When it’s all said and done, he says one should expect the unexpected when it comes to a craft cocktail. Juarez’s end goal for each drink is to make the person who ordered it not just happy with the outcome, but excited about it, and for them to leave with the intentions of returning.
Mary Peppers, LATITUDE 28º20'
One could say Mary Peppers was born to be a mixologist. Her over 40 years of experience in the bar industry has stretched cross-country. She spent 10 years in Los Angeles, 22 years in Chicago, 4 years in North Carolina, and lastly, she brought herself and her craft to Rockport. The staff at Latitude jokes that rather than them offering the job to Mary, Mary offered her skills to them. And thank God she did, because no one can make a martini quite like Mrs. Peppers.
Peppers, having lived all over the country, has curated Latitude’s entire martini menu with drinks she says you can’t find anywhere else. “All I ever wanted to do was be a bartender,” she says in reference to how she got started. “You can point at anything behind that bar and I will tell you everything you would ever want to know about it.”
In her own words, she describes mixology as nothing but cooking with liquids. Attempting to create something unique and brand-new keeps things interesting. There are no limits. The bar business is constantly changing, and Peppers knows her creativity has to keep up with the innovation. “The beauty of creating a new drink is that everyone sits here and drinks. And we drink…and drink…and drink…and then you’ve got it.”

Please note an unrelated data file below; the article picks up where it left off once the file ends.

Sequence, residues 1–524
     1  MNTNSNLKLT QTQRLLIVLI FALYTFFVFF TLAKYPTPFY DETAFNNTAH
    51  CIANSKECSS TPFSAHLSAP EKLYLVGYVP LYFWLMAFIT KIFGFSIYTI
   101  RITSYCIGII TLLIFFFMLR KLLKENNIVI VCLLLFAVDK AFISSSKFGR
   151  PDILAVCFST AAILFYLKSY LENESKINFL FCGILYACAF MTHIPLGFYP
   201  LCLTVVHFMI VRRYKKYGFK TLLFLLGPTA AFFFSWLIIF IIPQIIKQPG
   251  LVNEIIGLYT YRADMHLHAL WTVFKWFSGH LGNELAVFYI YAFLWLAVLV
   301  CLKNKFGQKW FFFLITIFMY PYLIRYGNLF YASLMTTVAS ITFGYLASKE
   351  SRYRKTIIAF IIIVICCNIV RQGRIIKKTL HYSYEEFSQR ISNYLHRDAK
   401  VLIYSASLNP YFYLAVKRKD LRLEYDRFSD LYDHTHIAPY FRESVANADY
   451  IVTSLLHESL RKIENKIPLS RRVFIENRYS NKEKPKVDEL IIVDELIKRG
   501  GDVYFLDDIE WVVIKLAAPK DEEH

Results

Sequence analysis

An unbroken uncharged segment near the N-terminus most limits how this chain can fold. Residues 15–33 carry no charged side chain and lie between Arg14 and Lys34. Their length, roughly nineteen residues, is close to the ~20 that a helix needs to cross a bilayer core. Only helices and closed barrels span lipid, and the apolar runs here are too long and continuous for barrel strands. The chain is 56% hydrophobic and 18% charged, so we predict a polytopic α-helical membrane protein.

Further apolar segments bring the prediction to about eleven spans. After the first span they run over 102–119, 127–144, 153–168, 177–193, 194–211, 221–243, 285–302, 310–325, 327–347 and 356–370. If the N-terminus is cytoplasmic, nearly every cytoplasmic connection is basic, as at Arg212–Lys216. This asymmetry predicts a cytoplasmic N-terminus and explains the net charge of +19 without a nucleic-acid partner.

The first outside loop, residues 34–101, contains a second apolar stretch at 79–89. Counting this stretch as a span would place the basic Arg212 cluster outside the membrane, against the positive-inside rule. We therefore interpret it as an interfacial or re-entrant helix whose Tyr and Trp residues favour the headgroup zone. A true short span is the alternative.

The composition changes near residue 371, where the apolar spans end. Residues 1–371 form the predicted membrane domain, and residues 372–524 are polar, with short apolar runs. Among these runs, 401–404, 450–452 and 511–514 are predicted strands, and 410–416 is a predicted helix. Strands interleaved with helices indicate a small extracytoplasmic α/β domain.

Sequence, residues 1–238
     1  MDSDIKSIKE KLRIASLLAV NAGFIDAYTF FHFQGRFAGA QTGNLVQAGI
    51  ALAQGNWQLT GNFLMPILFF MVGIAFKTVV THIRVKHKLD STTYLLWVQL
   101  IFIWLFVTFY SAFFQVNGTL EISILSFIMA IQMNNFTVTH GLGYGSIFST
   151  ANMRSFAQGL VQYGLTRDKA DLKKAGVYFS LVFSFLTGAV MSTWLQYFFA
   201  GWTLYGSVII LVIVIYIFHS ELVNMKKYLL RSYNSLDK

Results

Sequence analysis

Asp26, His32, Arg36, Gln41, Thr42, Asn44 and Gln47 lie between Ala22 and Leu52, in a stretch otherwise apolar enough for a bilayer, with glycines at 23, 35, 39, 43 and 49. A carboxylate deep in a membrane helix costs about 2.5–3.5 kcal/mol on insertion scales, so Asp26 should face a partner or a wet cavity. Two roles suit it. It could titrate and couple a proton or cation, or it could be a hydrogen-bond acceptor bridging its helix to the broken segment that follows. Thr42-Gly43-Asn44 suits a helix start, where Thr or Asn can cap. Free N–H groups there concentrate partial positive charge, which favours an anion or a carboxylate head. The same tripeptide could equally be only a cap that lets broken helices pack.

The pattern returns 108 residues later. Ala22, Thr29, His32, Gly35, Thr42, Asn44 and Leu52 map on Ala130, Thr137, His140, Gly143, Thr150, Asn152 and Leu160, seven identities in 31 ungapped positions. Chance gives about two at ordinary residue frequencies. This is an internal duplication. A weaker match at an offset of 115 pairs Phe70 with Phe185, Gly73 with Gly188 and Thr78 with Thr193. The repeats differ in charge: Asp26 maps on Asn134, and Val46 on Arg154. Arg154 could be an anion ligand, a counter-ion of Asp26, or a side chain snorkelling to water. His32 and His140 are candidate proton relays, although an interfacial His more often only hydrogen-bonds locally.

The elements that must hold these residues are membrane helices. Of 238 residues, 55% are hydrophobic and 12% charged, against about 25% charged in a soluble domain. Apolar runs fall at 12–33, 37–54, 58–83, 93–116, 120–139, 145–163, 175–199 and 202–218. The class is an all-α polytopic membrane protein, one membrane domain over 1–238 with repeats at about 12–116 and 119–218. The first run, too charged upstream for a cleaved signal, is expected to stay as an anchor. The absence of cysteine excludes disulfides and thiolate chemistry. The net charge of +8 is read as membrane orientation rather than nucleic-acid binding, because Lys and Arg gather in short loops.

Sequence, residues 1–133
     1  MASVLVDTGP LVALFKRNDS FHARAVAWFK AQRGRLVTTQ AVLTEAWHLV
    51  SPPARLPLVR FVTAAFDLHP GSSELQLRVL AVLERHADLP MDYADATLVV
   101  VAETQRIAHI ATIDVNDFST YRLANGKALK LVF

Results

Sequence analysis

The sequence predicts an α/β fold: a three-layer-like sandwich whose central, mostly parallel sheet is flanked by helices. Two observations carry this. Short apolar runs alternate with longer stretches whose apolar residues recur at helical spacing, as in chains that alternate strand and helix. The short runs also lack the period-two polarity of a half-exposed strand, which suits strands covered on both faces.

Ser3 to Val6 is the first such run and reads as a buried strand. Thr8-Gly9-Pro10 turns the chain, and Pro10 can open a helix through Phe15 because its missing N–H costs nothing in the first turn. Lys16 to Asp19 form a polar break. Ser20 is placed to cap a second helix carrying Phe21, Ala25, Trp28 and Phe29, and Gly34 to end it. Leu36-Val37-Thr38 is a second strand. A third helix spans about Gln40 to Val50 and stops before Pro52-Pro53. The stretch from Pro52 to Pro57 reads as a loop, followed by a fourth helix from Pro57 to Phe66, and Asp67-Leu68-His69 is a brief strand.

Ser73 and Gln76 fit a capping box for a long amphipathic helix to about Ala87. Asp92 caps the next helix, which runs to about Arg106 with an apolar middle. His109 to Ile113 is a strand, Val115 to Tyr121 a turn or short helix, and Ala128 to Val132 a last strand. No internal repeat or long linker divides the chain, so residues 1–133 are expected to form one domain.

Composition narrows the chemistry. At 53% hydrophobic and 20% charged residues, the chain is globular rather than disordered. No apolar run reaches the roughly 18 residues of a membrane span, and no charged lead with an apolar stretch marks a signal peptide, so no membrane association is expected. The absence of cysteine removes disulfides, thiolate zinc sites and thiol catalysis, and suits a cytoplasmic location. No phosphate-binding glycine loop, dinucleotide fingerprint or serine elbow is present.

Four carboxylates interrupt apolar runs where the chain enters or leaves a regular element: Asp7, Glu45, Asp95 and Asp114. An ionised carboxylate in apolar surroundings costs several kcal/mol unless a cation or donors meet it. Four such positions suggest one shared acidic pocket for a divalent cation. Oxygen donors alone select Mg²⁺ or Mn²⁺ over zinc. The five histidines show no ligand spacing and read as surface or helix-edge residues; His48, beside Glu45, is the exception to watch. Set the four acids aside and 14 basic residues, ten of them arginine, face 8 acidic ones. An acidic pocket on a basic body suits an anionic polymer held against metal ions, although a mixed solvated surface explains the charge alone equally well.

Trial and error come into play every time Peppers concocts a new drink for the menu. “When you get that final product,” she says, “something you’ve totally created, and you see someone else’s reaction, it’s awesome.”
Peppers knows her craft like the back of her hand. Hearing her talk about how certain liquors taste with other ingredients is memorizing. You can’t help but listen in awe when she speaks about the craft.
When asked what people should know about getting a cocktail from Latitude, her response is simple, having spent only thirty minutes with her, I couldn’t agree more. “This is a place you will remember, and you’ll sure as hell remember me.”